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Artists, Art Students Marvel at Ompal Sansanwal’s Jiva Paintings

In Arts, News
May 06, 2024

Artists and art students alike had a mesmerising tryst with Ompal Sansanwal’s paintings on display at his ‘Jiva’ exhibition in Bikaner House here, leaving them wonderstruck at the way the artist brought alive his close connect with nature through his intricate and magical works.

Students from Jamia Millia Islamia University accompanied by Faculty of Fine Arts Dean Prof. Bindulika Sharma, and Delhi College of Art faculty and students went around admiring the 60 paintings on display. To their delight, they had the company of the artist himself and curator Uma Nair, who explained the concept behind the artworks. That happened on May 1.

Manisha Gawade, well-known curator, artist and author, was full of praise for Ompal’s paintings. Standing in front of a painting that has a herd of cows with a tree in the foreground and a cityscape in the backdrop, she marvelled at the manner in which he had juxtaposed the scenery of the city along with the village elements.

“So, when you look at the cows you know he has taken the scene from a village, and the manner in which he has juxtaposed a village with a cityscape and then woven in the surreal elements…. You cannot do this unless you have had very deep understanding of time and space,” she said.

Shabir Hussain Santosh, the son of late eminent artist Ghulam Rasool Santosh, described Ompal’s paintings as ‘outstanding.’

Shabir recounted Ompal’s admiration for his father and said he has known the artist from his days in the Delhi College of Art. “He’s a very simple man. He’s changed a lot, in the way he has been able to come out of the very heavy influences (artistic). Now he has his own distinct style.”

He added: “His work is like dedication; it is so minutely done. His cross hatching with pen, his very fine detailing, it is outstanding, and it has an Indian character,” said Santosh.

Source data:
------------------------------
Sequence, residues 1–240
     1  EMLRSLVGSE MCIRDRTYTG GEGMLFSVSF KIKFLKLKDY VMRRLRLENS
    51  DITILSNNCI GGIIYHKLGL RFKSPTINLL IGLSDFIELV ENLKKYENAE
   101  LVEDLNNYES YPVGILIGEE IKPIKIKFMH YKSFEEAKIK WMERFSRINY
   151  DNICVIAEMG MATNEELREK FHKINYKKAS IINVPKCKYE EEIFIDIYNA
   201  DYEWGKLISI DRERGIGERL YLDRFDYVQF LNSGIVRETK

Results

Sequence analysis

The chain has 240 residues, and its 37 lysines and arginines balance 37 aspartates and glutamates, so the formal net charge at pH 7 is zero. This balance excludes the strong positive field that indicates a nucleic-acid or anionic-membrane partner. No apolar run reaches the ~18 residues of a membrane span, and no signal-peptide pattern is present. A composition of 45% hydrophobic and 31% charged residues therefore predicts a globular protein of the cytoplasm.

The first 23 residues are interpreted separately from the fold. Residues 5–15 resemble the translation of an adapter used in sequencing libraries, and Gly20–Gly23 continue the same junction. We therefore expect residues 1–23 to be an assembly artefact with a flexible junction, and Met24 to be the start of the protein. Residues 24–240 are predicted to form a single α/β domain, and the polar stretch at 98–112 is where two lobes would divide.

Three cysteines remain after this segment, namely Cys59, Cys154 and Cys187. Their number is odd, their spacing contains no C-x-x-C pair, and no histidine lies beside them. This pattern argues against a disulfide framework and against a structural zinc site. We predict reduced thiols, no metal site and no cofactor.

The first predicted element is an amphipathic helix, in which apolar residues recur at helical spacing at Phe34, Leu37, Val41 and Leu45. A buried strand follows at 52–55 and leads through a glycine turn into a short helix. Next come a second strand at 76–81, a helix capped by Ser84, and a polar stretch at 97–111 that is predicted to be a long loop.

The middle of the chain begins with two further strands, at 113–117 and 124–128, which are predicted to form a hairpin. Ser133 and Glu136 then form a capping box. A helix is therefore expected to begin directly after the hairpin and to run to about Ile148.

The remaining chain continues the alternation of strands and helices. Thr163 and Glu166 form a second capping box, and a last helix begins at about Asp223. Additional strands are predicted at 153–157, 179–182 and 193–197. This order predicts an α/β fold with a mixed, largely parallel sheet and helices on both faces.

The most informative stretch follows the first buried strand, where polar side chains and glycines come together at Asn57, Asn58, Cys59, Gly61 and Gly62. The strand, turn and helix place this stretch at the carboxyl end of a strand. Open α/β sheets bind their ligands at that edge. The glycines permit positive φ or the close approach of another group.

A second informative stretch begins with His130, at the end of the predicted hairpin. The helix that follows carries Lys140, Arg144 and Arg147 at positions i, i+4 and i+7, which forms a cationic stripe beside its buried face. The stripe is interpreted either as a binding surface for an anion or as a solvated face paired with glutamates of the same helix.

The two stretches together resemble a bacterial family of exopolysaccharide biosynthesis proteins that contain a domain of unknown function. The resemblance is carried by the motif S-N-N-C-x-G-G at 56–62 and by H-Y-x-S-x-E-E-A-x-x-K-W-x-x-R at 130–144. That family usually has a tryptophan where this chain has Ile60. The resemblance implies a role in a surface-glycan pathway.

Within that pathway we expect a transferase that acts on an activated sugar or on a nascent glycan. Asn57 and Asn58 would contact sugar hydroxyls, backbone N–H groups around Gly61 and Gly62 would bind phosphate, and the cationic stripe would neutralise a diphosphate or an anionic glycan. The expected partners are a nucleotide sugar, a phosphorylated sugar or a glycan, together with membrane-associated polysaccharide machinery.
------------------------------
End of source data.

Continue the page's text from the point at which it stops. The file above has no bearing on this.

Prof. Bindulika Sharma, Dean of Jamia Millia Arts Faculty, brought along her students to see the exhibition.

“I really wanted my students to see this exhibition, they are all researchers. I wanted them to see the effort that Ompal has put in his works,” she said.

“I know him personally. When we were in the College of Art, he would play on the matka while singing ragini (folk style of singing). He would sing, as if his soul was radiating out. That feeling is reflected in all his works here. The instrument he used then was a matka (earthen pot) and it was close to nature, and Ompal was always inclined towards nature,” she added.

Curator Uma Nair said: “Ompal’s love for the universe, his reflections in solitude and his love for tales from Indian mythology all tell us we must love what we paint. His power of observation and his understanding of Renaissance Masters are deep and he has created his own conversations with time.”

The exhibition, from April 27-May 3, was hosted by Black Cube Gallery, which marked its debut at Bikaner House with Ompal’s paintings.

The exhibition, designed by Black Cube Gallery director Sanya Malik, coincided with the celebration of Earth Month in April.

‘Jiva’ was inaugurated on April 27 by Ratish Nanda, renowned Indian conservation architect and CEO of Aga Khan Trust for Culture (AKTC), who also launched Ompal’s book ‘Meditations on Trees’ penned by Uma Nair, and published by Black Cube and Aleph Books.